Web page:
Kenny Dalglish has demanded that clubs be allowed to conduct their business in confidence, 48 hours after the leaking of details of Liverpool's exploratory phone call to Manchester City in which the notion of swapping Andy Carroll for Carlos Tevez was broached.
Dalglish refused to discuss if the swap deal had been floated, in a call from Anfield to City's football administrator, Brian Marwood, last Thursday, though he did not deny the conversation had taken place. The Liverpool manager may encourage his director of football, Damien Comolli, to establish fresh contact with City if the possibility arises of a loan deal for the Argentine, in the last day of the transfer window today.
That remains extremely unlikely, though i understands that Tevez lodged an appeal late last night against the City disciplinary action that has cost him £9.3m in salary, bonuses and fines. The appeal will cast the club into at least two more months of disciplinary procedures and make City keener than ever to see Tevez out of the door before the transfer window shuts at 11pm.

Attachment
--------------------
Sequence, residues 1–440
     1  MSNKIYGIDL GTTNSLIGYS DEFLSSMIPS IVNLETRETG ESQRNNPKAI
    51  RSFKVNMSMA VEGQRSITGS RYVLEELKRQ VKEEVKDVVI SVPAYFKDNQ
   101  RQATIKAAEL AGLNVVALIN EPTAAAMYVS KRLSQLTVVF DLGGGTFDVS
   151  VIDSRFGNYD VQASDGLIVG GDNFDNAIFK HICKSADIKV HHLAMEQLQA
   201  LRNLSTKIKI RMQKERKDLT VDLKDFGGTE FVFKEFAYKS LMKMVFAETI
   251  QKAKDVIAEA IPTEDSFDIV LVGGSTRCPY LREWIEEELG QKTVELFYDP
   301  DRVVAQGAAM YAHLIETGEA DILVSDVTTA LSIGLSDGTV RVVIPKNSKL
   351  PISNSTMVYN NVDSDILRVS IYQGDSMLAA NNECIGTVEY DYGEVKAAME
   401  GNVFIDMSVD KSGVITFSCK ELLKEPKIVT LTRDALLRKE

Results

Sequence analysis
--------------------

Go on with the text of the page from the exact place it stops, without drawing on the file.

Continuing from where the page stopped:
Dalglish's demands for privacy reflected inevitable annoyance at Anfield. "We're not talking about any specific incident, but if you are going to do business in any way, shape or form, no matter what life you are in, you don't need to disclose it until it's done," he said. "We're not going to get involved in justifying what people are saying. Get them to justify it, not us"
Milan, who have offered no cash so far, may seek to tempt City with a low cash offer for Tevez before the window closes, in the knowledge that the club badly want the 27-year-old off their books. Milan will be encouraged by Tevez's representatives' decision to appeal to a Premier League independent arbitration panel against the financial sanctions imposed by City, following Tevez's unauthorised departure to Argentina in November. These disciplinary proceedings will drag on until the title run-in.
City's manager, Roberto Mancini (left), did not dispel the idea yesterday that he would have welcomed the chance to discuss a Carroll-Tevez swap. The Italian, speaking two hours before Dalglish, said that he admired Carroll as a player.
"Carroll is a good player, he is young and strong, but it would be difficult and I don't think [it is going to happen]," Mancini said. "There was no phone call to me. I don't know if Brian Marwood was involved. I just read it in the newspaper."